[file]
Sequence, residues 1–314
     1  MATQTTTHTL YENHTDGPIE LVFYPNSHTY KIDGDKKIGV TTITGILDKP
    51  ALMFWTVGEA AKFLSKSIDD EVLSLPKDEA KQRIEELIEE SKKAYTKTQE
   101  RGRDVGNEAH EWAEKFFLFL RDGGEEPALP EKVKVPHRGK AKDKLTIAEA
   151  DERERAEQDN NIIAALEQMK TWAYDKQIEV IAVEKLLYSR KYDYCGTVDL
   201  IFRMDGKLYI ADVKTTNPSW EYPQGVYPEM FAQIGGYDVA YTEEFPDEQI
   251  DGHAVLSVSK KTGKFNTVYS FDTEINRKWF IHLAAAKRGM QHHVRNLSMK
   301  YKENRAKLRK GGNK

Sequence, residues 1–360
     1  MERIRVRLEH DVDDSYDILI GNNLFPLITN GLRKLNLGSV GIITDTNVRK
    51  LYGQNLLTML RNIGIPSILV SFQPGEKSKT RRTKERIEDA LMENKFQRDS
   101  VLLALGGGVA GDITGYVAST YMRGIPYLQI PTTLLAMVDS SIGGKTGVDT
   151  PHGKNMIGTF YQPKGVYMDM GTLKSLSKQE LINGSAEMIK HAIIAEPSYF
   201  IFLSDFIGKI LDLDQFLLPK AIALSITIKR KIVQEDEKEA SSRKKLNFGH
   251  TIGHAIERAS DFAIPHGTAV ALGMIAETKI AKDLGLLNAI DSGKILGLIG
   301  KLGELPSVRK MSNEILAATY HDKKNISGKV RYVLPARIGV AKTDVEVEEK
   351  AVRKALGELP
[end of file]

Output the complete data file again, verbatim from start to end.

Sequence, residues 1–314
     1  MATQTTTHTL YENHTDGPIE LVFYPNSHTY KIDGDKKIGV TTITGILDKP
    51  ALMFWTVGEA AKFLSKSIDD EVLSLPKDEA KQRIEELIEE SKKAYTKTQE
   101  RGRDVGNEAH EWAEKFFLFL RDGGEEPALP EKVKVPHRGK AKDKLTIAEA
   151  DERERAEQDN NIIAALEQMK TWAYDKQIEV IAVEKLLYSR KYDYCGTVDL
   201  IFRMDGKLYI ADVKTTNPSW EYPQGVYPEM FAQIGGYDVA YTEEFPDEQI
   251  DGHAVLSVSK KTGKFNTVYS FDTEINRKWF IHLAAAKRGM QHHVRNLSMK
   301  YKENRAKLRK GGNK

Sequence, residues 1–360
     1  MERIRVRLEH DVDDSYDILI GNNLFPLITN GLRKLNLGSV GIITDTNVRK
    51  LYGQNLLTML RNIGIPSILV SFQPGEKSKT RRTKERIEDA LMENKFQRDS
   101  VLLALGGGVA GDITGYVAST YMRGIPYLQI PTTLLAMVDS SIGGKTGVDT
   151  PHGKNMIGTF YQPKGVYMDM GTLKSLSKQE LINGSAEMIK HAIIAEPSYF
   201  IFLSDFIGKI LDLDQFLLPK AIALSITIKR KIVQEDEKEA SSRKKLNFGH
   251  TIGHAIERAS DFAIPHGTAV ALGMIAETKI AKDLGLLNAI DSGKILGLIG
   301  KLGELPSVRK MSNEILAATY HDKKNISGKV RYVLPARIGV AKTDVEVEEK
   351  AVRKALGELP